- August 13, 2009
- In workers Comp
This article in the Sacramento Business Journal about California worker’s compensation insurance is indicative of the scope of the state’s program and the costs of worker’s comp insurance. However, to an employee injured on the job and hurting, an employer’s insurance costs are far down their list of priorities and many injured workers are reluctant to file a claim for fear of losing their jobs. In a flagging economy shedding jobs by the tens of thousands, it’ a legitimate concern. Here are the basics of a worker’s compensation claim if an employee has suffered an injury or illness on the job and wants to file a claim:
What should one do after reporting an injury to their employer?
Get a Worker’s Compensation Claim Form (DWC 1) from your employer within one working day after you report your injury or illness. If your employer doesn’t give you a claim form, you can get one from a California Information and Assistance officer.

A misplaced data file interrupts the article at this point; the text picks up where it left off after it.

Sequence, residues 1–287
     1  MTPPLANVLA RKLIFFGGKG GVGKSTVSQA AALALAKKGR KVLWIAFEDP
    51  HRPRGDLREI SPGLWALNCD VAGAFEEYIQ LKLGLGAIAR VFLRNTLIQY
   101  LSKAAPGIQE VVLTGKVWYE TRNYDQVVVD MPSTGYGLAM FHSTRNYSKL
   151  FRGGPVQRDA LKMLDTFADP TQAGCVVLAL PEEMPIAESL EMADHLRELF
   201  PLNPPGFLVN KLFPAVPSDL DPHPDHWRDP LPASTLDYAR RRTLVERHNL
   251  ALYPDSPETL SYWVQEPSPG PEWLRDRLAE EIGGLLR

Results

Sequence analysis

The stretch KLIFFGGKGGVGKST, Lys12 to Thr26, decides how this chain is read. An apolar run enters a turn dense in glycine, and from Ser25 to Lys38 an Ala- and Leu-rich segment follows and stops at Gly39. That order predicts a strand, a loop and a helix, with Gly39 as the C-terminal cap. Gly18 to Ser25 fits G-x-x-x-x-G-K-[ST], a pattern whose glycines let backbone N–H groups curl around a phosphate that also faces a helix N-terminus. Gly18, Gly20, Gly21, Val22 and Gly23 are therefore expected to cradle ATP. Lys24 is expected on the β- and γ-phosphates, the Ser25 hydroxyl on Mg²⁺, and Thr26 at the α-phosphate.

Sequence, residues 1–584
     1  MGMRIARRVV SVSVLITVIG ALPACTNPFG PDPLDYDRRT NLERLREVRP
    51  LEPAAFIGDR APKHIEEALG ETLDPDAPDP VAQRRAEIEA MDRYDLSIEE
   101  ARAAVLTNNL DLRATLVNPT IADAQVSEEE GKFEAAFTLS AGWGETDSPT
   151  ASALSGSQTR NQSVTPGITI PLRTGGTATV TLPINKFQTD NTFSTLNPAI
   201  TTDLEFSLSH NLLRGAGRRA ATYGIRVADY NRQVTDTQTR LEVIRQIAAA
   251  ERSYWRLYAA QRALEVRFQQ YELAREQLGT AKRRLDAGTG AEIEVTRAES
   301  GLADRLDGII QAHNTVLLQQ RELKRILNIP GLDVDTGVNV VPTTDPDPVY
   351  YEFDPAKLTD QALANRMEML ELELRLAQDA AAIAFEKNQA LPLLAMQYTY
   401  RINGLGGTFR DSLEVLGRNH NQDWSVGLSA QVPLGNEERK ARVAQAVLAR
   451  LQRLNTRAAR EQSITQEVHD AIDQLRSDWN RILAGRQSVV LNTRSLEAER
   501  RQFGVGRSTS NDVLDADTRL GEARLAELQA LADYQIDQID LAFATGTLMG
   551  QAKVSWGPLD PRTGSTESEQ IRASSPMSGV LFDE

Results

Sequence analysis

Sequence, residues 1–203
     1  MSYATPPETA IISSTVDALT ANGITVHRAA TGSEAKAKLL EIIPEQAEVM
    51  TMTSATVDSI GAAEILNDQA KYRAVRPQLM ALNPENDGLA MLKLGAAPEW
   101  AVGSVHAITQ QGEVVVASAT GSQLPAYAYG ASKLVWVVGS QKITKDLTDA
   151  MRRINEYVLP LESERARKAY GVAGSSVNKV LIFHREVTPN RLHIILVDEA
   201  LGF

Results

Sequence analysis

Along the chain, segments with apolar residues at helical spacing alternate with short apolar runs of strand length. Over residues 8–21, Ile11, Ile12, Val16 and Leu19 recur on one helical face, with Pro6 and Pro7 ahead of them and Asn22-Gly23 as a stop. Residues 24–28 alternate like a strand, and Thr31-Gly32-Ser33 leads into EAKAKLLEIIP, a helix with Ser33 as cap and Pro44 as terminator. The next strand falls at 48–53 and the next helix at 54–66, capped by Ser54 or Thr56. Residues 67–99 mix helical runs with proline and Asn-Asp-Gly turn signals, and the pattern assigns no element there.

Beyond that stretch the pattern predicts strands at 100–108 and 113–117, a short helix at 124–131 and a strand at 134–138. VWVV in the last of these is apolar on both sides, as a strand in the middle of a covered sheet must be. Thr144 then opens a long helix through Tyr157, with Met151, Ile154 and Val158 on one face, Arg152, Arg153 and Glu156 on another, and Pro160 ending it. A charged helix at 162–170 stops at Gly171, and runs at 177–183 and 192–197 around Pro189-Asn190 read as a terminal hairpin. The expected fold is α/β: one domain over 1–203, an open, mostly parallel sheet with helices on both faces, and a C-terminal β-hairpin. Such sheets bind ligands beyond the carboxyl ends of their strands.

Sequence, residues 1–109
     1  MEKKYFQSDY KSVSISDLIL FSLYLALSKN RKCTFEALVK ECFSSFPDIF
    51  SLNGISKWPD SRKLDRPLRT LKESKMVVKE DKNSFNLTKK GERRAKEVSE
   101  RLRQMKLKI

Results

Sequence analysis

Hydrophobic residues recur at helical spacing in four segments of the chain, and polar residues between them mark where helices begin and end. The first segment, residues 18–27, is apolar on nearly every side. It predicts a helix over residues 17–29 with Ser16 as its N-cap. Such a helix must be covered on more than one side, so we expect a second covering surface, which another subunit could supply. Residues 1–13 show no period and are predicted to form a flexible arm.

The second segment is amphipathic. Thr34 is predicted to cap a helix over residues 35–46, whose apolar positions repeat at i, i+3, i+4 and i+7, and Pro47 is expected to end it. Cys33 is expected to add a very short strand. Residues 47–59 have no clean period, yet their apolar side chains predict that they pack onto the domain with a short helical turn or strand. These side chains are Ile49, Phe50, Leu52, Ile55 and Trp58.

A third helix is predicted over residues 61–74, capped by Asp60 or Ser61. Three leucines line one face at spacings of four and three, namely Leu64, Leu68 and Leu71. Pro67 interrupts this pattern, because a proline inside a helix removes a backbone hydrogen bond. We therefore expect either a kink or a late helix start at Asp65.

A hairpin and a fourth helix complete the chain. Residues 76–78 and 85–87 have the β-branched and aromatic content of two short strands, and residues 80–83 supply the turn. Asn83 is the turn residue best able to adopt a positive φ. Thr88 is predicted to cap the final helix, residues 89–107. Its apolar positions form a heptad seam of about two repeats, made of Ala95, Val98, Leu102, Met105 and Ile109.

What happens after the claim form is filed?
Your employer is required to fill out their portion of the form and turn it in to a claims administrator. Your employer is required to give you a copy of the form that you should keep for your records.
Can I be fired from the job because of injuries?
It is illegal for your employer to fire you because of your injury or for filling out a workers comp form.
When will I know whether my claim was accepted?
After filing the claim, you can be certain that your claim was accepted if you don’t hear from the claims administrator within 90 days.
If you or someone you care for was injured or suffered an illness on the job and wishes to speak with an experienced California worker’s compensation lawyer, call the Law Offices of Samer Habbas at 888.848.5084.
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